I remember from long ago, the florid, proud and compassionate woman it once was. I do not think she would enjoy this sad parody of life.

“Mortified”, I mutter to the sleeping dog. That’s an old word. I don’t hear it often, but more often here in Lancashire. “I think she’d be mortified”.

I pass the doorway to the lounge and I see her, hunched over a word search puzzle book. Her thin and wispy hair is luminescent silver in the sunlight. I wonder does it matter that today is like yesterday is like tomorrow if one cannot remember the morning from the evening. Or if somewhere, some remnant of Anna rails inside at this interminable Groundhog day.

For my own peace of mind I have to believe that there is mercy; that her mind is troubled by nothing more than the vaguest sense of déjà vu. To be so trapped, to never more than wander from kitchen to lounge to bathroom to bedroom, that is a purgatory I wouldn’t wish upon anyone. Even someone who didn’t like me.

And she doesn’t like me, our ghost. I know because she tells me. And then forgets. But I’m not so lucky; those moments stick with me and will not be shaken. They cling to my psyche like burrs in fur. Prickly and hard to forget.

Yet, I never knew her to be nasty and though we were never close my mother-in-law and I, I always respected her; admired what she’d achieved, including some paintings we have hanging in our home.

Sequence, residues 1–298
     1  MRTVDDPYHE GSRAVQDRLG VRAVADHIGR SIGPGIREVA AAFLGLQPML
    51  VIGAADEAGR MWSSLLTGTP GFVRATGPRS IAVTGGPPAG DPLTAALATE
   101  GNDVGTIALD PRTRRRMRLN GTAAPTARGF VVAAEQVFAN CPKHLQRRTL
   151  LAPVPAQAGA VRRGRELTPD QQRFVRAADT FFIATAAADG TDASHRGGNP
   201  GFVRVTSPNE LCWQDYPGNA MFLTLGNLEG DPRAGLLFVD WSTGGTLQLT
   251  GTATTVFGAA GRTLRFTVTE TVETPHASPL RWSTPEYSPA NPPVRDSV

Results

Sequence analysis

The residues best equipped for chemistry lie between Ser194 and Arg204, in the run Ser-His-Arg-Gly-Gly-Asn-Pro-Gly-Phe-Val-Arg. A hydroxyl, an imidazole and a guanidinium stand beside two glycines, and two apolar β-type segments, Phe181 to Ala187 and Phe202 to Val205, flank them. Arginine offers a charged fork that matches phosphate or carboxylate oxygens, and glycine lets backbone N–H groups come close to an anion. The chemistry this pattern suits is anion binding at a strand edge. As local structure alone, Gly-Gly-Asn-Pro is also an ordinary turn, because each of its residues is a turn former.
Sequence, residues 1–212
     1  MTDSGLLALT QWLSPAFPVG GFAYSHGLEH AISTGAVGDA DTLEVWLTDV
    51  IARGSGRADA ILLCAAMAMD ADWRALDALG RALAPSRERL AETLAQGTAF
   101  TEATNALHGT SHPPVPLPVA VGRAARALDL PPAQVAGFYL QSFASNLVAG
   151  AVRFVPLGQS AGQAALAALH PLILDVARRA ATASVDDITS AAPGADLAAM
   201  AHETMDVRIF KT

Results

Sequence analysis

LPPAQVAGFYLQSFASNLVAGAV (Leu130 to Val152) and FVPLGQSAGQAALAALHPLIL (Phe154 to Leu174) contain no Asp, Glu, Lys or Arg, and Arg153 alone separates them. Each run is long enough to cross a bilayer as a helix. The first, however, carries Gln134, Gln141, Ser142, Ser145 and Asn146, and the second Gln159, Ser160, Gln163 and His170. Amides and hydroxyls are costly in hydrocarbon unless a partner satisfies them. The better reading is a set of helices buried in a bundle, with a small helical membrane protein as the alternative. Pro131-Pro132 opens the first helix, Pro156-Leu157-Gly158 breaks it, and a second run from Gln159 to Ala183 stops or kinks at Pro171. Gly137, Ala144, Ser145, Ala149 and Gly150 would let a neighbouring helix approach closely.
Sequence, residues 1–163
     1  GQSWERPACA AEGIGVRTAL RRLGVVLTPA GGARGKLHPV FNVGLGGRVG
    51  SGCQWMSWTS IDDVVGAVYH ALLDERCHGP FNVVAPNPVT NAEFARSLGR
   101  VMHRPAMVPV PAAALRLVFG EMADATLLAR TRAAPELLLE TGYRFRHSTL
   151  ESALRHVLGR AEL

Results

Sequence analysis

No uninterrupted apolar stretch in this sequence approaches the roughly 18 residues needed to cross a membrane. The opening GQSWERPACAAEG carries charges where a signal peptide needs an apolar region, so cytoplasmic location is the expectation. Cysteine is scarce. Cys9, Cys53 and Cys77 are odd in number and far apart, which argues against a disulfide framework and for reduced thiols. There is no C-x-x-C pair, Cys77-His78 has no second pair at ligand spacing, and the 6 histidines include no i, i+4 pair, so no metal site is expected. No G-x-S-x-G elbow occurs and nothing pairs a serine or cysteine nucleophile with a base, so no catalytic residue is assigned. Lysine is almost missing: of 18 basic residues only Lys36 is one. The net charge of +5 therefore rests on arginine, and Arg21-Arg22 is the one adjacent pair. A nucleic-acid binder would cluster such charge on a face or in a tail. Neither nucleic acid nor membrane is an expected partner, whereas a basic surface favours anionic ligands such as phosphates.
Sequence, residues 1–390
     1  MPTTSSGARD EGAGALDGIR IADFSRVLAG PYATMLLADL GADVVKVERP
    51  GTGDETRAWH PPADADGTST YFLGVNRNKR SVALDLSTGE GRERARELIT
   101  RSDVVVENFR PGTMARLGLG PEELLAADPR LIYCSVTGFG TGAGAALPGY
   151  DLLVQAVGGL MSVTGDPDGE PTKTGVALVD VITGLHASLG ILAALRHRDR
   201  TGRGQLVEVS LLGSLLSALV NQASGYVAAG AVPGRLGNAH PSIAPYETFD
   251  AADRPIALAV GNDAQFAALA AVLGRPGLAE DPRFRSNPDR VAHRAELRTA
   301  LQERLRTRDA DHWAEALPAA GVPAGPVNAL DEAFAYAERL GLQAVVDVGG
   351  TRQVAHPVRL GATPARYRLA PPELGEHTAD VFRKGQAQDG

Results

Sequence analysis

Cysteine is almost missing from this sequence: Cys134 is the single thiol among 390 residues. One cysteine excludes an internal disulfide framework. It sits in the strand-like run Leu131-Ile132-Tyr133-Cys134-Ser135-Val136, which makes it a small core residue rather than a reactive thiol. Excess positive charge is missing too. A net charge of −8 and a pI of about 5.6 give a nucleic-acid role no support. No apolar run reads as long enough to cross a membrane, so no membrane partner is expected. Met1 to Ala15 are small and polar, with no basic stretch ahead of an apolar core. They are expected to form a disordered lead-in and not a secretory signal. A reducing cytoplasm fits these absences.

If I was quiet and uncommunicative, well that’s just my nature. I think it is the way I shield myself from the pain of life. A mechanism to remain apart from it, an observer and not a participant.

Some people think that’s ignorance. People like my Aunt Beatrice for one. She told me once, at my cousin’s wedding. Just sat there at our table large as life and bold as only the half-tipsy are and said: “You’re an ignorant thing. Always have been”. Another burr I’ve still not shaken off.

Oh we’re not at each other’s throats, our ghost and I, but we pass in the corridor like ships in the night. Civil and cool.

If it seems to you that people don’t seem to like me much. Well, maybe you’re right. But I don’t mean harm to anyone. I’m just wrapped, in true Cancerian-style, in a rock hard shell. And no one is getting in. Except my wife and children and they wreak enough emotional havoc to last me a life-time.

I don’t know how to care for a ghost, still less how to love one. There are no books, no self-help guides to show the way.

There is nothing to prepare you for the emptiness of receiving a suddenly remembered birthday gift when it’s not actually your birthday. Or for receiving a present from someone who clearly doesn’t know who you are.

Both have happened to me. And I felt equally disturbed by both events. I have no concept of how my wife copes with this apparition of her mother; only admiration for her apparent steadfastness.

We both taste the guilt that comes from lashing out in frustration when repeated questions or actions continue despite being satisfied a dozen times before.

After 16-months with us still periodically asks where her bedroom is. And each time I hear it I cringe inside. My soul poked with a sharp and sour barb.

Yesterday seconds stretched into an eternity as I sat in my car, engine ticking over, at the top of our driveway, desperately trying to remember which switch worked the headlights. Those moments, the lost words, the misremembered actions, leap at me now like demons from the abyss.

Maybe they are nothing more than the aberrations of age and tiredness, but they scare the soul out of me.